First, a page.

Thursday, January 25, 2007

The Archive Factor: Can It Raise The Dead?

(First, a brief hello to anyone who's coming to this from 'Comics Should Be Good'--if you're wondering about the update schedule, new "Storytelling Engines" are on Mondays, and Thursdays are my normal entries, which are not guaranteed to be comics-related, geek-related, or even necessarily worth reading. I've had a tradition of self-deprecation since the first post, and I'm not about to stop now.)

Today's post, though, is geek-related. Specifically, it relates to a post I made a couple of weeks ago, in which I talked about all the ways this is a wonderful time to be alive. (And every fan of 'Yamara' always finishes that with, "Archers, commence firing!") I discussed, in specific, something I called "The Archive Factor", the recent commercial trend of putting out collections of sci-fi/fantasy/action/adventure/...let's just call it, for lack of a better blanket term, "cult fiction" out for release. When I was five, if you wanted to read the complete Lee/Kirby run of Fantastic Four, you had to have more money than God. Nowadays, it'll cost you less than a hundred bucks. The ephemera of pop culture has become an accumulation, almost a museum of cool. (With new exhibits added daily, natch...Penny Arcade Book Three just came out yesterday!)

This has a lot of upsides; for one thing, it means that you can start telling more complex stories because you can work on the assumption that future audiences will be able to look up your backstory. This is a double-edged sword, as I've commented on in the past, but you can see the benefits of being able to do less recapping of previous stories and more storytelling. (Even so, writers shouldn't overlook the need for good exposition.)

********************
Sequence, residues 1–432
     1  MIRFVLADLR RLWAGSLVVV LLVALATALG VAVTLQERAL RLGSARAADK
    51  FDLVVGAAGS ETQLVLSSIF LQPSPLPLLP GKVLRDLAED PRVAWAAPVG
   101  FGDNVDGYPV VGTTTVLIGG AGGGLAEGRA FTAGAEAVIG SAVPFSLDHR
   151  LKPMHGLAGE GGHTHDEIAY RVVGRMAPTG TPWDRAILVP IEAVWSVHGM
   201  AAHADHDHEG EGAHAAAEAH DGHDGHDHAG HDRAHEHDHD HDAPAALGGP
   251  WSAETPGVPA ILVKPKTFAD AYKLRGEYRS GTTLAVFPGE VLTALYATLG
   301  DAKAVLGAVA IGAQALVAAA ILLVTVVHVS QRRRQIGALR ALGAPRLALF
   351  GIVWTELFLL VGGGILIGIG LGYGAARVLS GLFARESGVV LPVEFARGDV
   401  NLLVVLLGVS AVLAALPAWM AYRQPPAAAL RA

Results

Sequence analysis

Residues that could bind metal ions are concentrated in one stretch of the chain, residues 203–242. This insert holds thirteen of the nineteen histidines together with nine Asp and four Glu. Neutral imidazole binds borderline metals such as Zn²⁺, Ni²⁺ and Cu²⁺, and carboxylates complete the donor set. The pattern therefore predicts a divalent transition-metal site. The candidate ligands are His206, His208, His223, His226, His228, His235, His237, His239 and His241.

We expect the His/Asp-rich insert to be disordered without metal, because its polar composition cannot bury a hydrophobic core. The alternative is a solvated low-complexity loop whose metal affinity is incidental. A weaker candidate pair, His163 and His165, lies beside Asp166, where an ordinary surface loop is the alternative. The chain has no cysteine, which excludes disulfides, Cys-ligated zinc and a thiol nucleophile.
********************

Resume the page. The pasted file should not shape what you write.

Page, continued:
The second factor, which edges closer to the heart of this column, is the idea that cult fiction generates cult fiction; people who are into science fiction tend to be predisposed to like new science fiction series, people who are familiar with the basic tenets of a fantasy universe won't feel so put off or confused when they see a new fantasy story, et cetera et cetera. And since all this stuff is available now in archived form, it's easier to get the necessary cultural priming to enjoy cult fiction. (In fact, I think we might have achieved some sort of critical mass in the last two decades, where cult fiction is now the dominant paradigm for fiction. Being a geek is now not just socially acceptable, it's downright cool. You can even chart this on a year-by-year basis by watching "The Simpsons", and keeping track of how casually surreal the series has gotten over the last fifteen years as audiences have become more accepting of it. The societal tipping point, obviously, is when "Lost" became the hot water-cooler show.)

But the third, and most important to my mind, is the way that archiving of cult fiction has changed the commercial strategies of production companies. Because this stuff is no longer ephemeral, it can take all the time it needs to build an audience, and then return as a commercial success once it's got a broader fanbase.

This isn't an entirely new concept, of course; "Star Trek" and "The Twilight Zone" were both series that got cancelled after relatively short initial runs, but which built a strong, broad fanbase through syndication and eventually returned. But the time was, these were exceptions to the rule. That's because other series that might have been able to build similar fanbases weren't able to do so; syndication of a series like 'Firefly', for example, just wasn't an option, because it only had thirteen episodes.

The Archive Factor has changed all that. You can make a movie like 'Slither', and be confident that you'll make your money back even without a big initial return, because it's such a good movie that people will still be watching it two decades from now. (You do own a copy, right?) 'Firefly', 'Family Guy', and 'Futurama' all got (or are getting) new stories after their supposed demise, because studio execs all noticed that these were strong sellers on DVD. Since nothing's ephemeral anymore, good ideas might get buried in the archives, but they won't be thrown in the garbage anymore. Sooner or later, when the time is right, they'll return. No good idea ever dies anymore.

Which means that all I have to do is wait, and I'm getting another 'Hawk and Dove' series.

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